A business case captures the reasoning for initiating a project or task. It is often presented in a well-structured written document, but may also sometimes come in the form of a short verbal argument or presentation. The logic of the business case is that, whenever resources such as money or effort are consumed, they should be in support of a specific business need. An example could be that a software upgrade might improve system performance, but the "business case" is that better performance would improve customer satisfaction, require less task processing time, or reduce system maintenance costs. A compelling business case adequately captures both the quantifiable and unquantifiable characteristics of a proposed project.
Business cases can range from comprehensive and highly structured, as required by formal project management methodologies, to informal and brief. Information included in a formal business case could be the background of the project, the expected business benefits, the options considered (with reasons for rejecting or carrying forward each option), the expected costs of the project, a gap analysis and the expected risks. Consideration should also be given to the option of doing nothing including the costs and risks of inactivity. From this information, the justification for the project is derived. Note that it is not the job of the project manager to build the business case, this task is usually the responsibility of stakeholders and sponsors.
Business cases are created to help decision-makers ensure that:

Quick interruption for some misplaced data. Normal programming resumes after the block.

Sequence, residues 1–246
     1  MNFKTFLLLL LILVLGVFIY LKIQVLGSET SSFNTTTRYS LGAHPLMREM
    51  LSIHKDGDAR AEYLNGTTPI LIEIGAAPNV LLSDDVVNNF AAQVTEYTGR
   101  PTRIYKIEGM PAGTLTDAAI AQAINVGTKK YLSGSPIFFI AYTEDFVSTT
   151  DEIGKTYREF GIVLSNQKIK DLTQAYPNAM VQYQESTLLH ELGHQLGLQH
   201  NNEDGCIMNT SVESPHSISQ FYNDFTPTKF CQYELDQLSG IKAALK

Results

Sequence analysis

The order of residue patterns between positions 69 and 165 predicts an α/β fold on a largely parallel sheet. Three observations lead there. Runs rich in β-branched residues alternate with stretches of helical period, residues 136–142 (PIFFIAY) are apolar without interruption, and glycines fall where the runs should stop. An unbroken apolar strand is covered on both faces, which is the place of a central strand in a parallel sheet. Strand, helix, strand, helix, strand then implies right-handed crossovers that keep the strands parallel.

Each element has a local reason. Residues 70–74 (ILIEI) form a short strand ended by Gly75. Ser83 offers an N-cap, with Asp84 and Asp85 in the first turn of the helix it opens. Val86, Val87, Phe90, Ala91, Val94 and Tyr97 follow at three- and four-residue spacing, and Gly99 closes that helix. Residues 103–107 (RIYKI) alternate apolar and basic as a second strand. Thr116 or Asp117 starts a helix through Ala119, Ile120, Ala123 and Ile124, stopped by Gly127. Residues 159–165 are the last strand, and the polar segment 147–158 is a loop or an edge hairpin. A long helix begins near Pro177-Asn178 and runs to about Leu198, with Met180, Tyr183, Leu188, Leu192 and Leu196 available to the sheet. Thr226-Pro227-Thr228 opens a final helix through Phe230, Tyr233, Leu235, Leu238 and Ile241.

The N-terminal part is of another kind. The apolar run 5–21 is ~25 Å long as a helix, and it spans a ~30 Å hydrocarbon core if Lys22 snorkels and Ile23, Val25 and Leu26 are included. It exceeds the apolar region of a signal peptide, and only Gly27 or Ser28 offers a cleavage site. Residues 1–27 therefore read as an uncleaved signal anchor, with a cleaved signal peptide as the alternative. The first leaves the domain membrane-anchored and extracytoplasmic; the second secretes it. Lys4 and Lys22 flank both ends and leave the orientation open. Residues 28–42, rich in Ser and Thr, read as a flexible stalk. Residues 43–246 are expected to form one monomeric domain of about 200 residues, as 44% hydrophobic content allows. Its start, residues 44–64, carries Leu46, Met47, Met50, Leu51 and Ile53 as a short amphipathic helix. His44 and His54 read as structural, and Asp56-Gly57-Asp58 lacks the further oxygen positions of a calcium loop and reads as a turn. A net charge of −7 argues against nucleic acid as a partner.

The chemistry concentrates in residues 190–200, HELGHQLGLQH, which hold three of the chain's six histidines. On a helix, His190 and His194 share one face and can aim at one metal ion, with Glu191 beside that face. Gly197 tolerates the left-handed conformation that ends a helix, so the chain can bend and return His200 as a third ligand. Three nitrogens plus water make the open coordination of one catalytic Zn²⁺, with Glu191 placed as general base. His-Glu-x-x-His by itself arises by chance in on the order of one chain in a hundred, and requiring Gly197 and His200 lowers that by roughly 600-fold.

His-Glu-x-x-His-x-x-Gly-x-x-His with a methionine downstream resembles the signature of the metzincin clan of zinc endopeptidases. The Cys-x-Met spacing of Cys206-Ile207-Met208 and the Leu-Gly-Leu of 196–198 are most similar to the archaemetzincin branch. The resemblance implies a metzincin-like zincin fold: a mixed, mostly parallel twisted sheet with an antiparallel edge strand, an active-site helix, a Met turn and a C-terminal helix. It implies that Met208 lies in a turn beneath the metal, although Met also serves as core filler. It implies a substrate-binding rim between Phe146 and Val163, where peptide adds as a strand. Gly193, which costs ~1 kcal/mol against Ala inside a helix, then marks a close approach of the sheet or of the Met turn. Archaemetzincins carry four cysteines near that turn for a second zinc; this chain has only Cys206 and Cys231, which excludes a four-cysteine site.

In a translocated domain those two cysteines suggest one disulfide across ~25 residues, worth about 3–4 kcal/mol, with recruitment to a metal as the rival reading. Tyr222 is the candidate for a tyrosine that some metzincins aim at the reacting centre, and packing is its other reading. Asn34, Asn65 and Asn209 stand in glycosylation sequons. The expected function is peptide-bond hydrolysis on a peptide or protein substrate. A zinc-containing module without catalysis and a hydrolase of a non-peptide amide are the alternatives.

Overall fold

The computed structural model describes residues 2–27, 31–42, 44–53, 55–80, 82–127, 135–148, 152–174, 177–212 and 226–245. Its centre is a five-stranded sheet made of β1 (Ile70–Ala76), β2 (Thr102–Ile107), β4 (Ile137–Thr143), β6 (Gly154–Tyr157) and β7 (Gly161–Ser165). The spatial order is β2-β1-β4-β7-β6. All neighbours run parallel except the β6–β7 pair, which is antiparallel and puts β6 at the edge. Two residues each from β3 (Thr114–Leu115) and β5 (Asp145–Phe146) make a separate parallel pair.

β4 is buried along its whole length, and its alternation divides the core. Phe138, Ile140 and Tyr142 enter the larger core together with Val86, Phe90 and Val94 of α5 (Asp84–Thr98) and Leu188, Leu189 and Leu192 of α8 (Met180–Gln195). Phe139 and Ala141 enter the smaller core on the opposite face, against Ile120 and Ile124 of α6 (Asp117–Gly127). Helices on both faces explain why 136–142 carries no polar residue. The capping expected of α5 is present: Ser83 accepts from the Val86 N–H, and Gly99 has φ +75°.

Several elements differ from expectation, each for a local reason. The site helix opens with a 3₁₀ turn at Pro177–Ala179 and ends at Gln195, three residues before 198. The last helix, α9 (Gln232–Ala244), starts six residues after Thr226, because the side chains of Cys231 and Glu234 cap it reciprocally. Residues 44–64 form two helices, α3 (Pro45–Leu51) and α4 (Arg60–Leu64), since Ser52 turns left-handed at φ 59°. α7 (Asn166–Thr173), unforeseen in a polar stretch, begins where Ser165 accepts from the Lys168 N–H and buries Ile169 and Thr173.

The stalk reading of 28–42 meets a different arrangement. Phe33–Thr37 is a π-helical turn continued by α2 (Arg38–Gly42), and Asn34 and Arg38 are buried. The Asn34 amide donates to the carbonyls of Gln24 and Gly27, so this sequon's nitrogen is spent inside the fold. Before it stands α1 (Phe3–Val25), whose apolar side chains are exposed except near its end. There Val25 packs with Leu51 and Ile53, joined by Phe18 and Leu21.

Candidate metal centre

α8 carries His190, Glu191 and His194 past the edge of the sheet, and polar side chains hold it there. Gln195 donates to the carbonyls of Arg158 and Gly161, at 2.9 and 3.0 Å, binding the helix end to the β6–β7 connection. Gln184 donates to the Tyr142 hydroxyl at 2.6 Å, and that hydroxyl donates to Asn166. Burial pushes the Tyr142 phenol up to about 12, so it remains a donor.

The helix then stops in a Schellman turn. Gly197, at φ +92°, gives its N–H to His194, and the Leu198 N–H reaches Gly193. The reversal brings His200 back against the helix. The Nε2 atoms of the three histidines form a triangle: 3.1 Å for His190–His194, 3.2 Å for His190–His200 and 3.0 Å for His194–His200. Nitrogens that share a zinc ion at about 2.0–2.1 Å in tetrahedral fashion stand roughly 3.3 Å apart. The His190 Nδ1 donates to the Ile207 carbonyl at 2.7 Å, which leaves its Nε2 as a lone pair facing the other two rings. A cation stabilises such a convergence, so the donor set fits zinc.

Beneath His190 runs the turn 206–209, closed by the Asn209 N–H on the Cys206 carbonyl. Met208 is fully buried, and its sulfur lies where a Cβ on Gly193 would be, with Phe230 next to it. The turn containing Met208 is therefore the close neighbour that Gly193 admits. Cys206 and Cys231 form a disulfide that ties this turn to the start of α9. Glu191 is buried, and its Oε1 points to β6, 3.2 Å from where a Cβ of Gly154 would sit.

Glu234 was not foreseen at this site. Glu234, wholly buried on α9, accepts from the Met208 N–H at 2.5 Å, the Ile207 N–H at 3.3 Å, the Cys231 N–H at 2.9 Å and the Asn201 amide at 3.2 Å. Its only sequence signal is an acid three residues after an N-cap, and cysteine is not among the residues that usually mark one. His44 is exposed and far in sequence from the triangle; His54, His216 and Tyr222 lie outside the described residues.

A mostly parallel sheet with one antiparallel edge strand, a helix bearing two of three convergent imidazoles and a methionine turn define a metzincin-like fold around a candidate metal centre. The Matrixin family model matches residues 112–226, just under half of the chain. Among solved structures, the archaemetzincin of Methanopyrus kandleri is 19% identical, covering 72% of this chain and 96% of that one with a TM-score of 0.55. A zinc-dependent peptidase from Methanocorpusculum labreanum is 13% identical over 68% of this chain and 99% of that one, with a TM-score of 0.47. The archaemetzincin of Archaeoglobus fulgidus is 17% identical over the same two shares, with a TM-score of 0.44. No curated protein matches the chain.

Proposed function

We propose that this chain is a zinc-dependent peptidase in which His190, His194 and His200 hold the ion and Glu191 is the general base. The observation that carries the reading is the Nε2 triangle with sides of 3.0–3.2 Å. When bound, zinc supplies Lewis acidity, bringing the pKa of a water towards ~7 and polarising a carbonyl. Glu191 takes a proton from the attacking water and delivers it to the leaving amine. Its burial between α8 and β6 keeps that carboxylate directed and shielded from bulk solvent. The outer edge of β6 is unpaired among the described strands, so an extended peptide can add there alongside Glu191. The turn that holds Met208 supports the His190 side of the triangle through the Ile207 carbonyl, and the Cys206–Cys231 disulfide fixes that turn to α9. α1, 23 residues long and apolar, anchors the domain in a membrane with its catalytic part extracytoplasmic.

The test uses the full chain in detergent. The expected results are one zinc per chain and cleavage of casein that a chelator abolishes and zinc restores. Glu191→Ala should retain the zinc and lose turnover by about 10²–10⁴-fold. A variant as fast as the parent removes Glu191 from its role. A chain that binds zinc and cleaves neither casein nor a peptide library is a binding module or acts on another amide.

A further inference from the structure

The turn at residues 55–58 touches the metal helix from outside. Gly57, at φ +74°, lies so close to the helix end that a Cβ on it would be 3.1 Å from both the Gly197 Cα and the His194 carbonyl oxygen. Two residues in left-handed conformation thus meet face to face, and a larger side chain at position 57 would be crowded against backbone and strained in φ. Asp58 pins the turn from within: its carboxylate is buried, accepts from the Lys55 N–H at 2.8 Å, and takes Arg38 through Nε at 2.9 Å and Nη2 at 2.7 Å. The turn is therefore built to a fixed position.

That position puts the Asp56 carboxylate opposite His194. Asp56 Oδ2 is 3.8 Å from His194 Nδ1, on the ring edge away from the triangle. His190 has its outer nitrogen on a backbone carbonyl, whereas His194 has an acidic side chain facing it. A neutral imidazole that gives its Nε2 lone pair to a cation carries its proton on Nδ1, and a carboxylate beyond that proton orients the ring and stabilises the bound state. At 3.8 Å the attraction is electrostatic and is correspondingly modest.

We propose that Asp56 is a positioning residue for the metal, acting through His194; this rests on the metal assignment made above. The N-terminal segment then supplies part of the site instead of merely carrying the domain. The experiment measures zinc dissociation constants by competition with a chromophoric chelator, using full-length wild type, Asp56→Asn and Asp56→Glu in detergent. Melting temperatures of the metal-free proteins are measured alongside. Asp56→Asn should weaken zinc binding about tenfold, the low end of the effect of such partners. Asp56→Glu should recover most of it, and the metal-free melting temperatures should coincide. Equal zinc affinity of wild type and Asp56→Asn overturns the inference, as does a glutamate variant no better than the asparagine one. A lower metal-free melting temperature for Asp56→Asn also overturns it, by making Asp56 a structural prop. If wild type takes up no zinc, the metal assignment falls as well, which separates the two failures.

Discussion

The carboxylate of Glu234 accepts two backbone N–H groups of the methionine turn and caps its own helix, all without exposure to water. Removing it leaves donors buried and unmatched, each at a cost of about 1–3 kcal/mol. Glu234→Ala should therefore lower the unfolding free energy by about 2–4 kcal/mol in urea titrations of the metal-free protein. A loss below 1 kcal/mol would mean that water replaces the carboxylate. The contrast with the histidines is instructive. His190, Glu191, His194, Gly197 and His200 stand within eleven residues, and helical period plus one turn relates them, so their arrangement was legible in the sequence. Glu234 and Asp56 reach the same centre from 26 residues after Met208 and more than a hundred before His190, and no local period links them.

The business case process should be designed to be:
A good business case report, which brings confidence and accountability into the field of making investment decisions, is a compilation of all information collected during enterprise analysis and the business case process. The key purpose is to provide evidence and justification for continuing with the investment proposition. Here is a recommended structure:.
Development of the business case should not be mechanical. Indeed, the case must demonstrate that the issues have been thought through, the full benefits will be realized on time, any technical aspects have been thoroughly evaluated and cost, and track and measure their achievement. In general, the process of developing a business case involves financial decomposition, opportunity identification, opportunity qualification, benefit validation, and finally finalization of the business case.
A business case should contain some or all of the following information types (depending on the size, timing, scale and availability of information):
At various stages in the project, the business case should be reviewed to ensure that:
The result of a review may be the termination or amendment of the project. The business case may also be subject to amendment if the review concludes that the business need has abated or changed, this will have a knock on effect on the project.
Many public sector projects are now required to justify their need through a business case. In the public sector, the business case is argued in terms of Cost–benefit analysis, which may include both financial and non-financial cost and benefits. This allows the business to take into account societal and environmental benefits, allowing a more comprehensive understanding of economic impacts.
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